Data at Rest Protection: Refers to data that is currently archived. DLP tools encrypt data in the database; field encryption is preferable; table and database are also options.

DLP security tools should monitor for unauthorized attempts to access or store data. When the user logs in the to the device, data on the drive is accessible in an unencrypted manner, but if lost or stolen, unless the laptop can be logged into, the disk encryption protects the data – if a hard drive is attached to another PC, the data cannot be accessed.

What’s Happening With Data Loss Prevention Today

A few important industries are at the greatest risk of data loss and leakage. The financial, healthcare, and manufacturing industries should be carefully considering their DLP security strategies. Personal identifiable information (PII), personal health information (PHI), and intellectual property (IP) all carry a very high financial loss risk in the event of data loss. If this type of data is leaked, your company may face pressure from regulatory bodies and even litigation.  

The Ponemon Institute found that 85% of companies around the world have experienced some form of data loss in the last 24 months. Most of these data loss incidents occur from within the organization (See Figure 1). DLP security tools enable the organization to put tight monitoring controls on emails, instant messages, applications used and downloaded, web surfing, and more. DLP tools inevitably help control the high financial and brand reputation risks your business may incur from a data loss incident.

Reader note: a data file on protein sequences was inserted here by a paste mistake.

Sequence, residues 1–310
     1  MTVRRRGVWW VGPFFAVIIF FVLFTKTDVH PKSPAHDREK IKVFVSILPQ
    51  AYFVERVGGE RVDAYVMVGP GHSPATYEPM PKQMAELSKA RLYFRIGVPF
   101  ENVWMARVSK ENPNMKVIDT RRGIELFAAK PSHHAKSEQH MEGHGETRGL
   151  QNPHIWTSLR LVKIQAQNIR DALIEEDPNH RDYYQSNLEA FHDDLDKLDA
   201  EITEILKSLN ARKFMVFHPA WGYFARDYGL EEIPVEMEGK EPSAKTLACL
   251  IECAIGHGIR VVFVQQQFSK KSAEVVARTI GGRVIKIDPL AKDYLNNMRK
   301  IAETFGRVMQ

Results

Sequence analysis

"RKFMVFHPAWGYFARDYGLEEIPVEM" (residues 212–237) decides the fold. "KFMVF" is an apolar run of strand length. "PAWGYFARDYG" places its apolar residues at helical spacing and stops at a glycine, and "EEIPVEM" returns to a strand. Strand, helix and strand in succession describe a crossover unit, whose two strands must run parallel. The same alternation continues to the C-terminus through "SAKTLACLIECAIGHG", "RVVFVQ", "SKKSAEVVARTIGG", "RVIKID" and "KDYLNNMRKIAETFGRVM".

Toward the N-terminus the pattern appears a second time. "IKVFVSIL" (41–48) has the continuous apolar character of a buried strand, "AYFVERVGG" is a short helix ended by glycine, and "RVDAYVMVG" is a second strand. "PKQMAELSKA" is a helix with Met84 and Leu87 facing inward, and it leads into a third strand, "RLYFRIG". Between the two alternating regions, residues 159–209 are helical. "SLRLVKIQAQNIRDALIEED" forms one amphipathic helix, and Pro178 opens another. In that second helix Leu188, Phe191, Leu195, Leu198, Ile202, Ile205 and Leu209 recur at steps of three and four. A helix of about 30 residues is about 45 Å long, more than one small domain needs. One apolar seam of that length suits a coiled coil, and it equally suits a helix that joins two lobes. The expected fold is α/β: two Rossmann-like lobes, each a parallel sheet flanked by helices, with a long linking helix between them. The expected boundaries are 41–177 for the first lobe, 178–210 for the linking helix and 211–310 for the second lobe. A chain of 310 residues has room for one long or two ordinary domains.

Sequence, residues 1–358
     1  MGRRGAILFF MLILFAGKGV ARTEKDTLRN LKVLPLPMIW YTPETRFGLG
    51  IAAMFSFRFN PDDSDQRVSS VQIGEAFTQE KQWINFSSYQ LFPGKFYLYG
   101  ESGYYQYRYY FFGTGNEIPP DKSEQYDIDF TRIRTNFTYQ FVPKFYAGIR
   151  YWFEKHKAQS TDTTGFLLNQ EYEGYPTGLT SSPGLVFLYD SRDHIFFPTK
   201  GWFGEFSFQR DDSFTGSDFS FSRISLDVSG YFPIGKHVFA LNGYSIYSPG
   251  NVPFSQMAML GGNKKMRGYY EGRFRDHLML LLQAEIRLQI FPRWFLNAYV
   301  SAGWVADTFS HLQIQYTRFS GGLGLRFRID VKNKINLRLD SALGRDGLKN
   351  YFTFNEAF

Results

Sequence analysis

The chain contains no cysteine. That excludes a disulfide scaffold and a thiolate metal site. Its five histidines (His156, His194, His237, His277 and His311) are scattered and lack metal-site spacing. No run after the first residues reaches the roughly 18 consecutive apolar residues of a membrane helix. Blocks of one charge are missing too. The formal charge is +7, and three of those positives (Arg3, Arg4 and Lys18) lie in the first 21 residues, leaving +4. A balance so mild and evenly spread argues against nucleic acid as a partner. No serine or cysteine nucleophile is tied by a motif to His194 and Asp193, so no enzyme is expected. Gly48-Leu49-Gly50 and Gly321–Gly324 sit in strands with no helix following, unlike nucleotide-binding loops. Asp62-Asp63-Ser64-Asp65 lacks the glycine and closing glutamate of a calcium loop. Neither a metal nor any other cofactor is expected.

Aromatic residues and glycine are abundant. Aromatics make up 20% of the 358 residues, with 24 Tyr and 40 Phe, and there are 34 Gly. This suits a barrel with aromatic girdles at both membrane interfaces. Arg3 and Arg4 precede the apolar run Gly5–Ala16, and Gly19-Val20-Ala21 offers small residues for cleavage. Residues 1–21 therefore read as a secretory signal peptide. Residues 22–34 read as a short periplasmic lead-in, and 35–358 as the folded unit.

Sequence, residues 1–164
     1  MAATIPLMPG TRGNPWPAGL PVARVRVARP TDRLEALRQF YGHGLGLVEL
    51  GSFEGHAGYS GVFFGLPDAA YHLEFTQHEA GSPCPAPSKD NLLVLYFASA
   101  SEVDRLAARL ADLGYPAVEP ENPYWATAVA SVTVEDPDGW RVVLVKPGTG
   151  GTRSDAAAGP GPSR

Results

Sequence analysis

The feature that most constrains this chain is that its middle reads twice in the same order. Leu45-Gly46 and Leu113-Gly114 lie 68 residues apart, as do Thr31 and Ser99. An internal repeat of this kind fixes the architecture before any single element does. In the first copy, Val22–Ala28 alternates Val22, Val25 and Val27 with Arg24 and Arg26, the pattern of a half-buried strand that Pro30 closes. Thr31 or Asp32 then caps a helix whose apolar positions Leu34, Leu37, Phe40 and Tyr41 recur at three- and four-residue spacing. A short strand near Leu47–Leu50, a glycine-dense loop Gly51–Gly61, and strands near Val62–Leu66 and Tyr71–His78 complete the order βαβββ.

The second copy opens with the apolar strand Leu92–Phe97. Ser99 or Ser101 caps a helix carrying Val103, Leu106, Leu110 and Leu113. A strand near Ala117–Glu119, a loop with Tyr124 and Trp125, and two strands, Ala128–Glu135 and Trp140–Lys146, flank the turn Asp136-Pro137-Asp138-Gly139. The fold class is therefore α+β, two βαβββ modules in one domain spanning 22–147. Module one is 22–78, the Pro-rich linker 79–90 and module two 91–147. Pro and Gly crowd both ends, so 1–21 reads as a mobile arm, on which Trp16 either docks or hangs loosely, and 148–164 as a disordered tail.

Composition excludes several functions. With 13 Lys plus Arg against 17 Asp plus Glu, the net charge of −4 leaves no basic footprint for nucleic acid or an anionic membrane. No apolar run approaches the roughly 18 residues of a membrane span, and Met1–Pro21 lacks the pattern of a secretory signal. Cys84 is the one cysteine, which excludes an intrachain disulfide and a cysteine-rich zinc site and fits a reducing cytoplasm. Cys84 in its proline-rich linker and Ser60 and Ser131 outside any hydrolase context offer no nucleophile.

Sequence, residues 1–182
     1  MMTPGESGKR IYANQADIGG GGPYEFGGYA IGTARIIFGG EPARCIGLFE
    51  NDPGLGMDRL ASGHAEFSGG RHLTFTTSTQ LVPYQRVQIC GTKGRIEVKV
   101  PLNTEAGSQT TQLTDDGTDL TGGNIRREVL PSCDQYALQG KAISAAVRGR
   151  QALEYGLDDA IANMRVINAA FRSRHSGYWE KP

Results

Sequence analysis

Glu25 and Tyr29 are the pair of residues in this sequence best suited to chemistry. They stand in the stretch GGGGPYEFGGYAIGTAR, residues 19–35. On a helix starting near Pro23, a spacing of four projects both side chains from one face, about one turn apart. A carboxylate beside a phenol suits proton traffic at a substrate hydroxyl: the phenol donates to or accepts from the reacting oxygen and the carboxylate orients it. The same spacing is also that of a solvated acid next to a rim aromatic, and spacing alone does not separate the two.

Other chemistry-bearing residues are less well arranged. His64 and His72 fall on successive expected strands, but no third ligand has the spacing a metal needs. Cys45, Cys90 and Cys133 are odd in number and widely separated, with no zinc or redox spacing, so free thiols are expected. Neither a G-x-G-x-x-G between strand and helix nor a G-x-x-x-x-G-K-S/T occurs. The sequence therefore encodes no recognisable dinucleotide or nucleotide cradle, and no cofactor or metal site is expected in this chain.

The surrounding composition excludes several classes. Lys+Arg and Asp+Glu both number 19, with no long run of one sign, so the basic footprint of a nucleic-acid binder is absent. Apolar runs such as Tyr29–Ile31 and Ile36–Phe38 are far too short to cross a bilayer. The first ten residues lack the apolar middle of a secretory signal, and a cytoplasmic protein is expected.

Countries around the world are enacting data protection laws that impose more stringent requirements on both public and private organizations handling sensitive data. These data protection laws, such as the GDPR, will enforce significant penalties for noncompliance with the regulations and breach notification. DLP security strategies and tools help mitigate and remediate data loss as well as address specific requirements outlined by regulations such as GDPR.

Strategies & Tools for Data Loss Prevention

Standard Security Measures: an organization must have the fundamental information security infrastructure to support its operations, including firewalls, intrusion detection, prevention systems, anti-malware and anti-virus protection, and vulnerability management or threat management systems.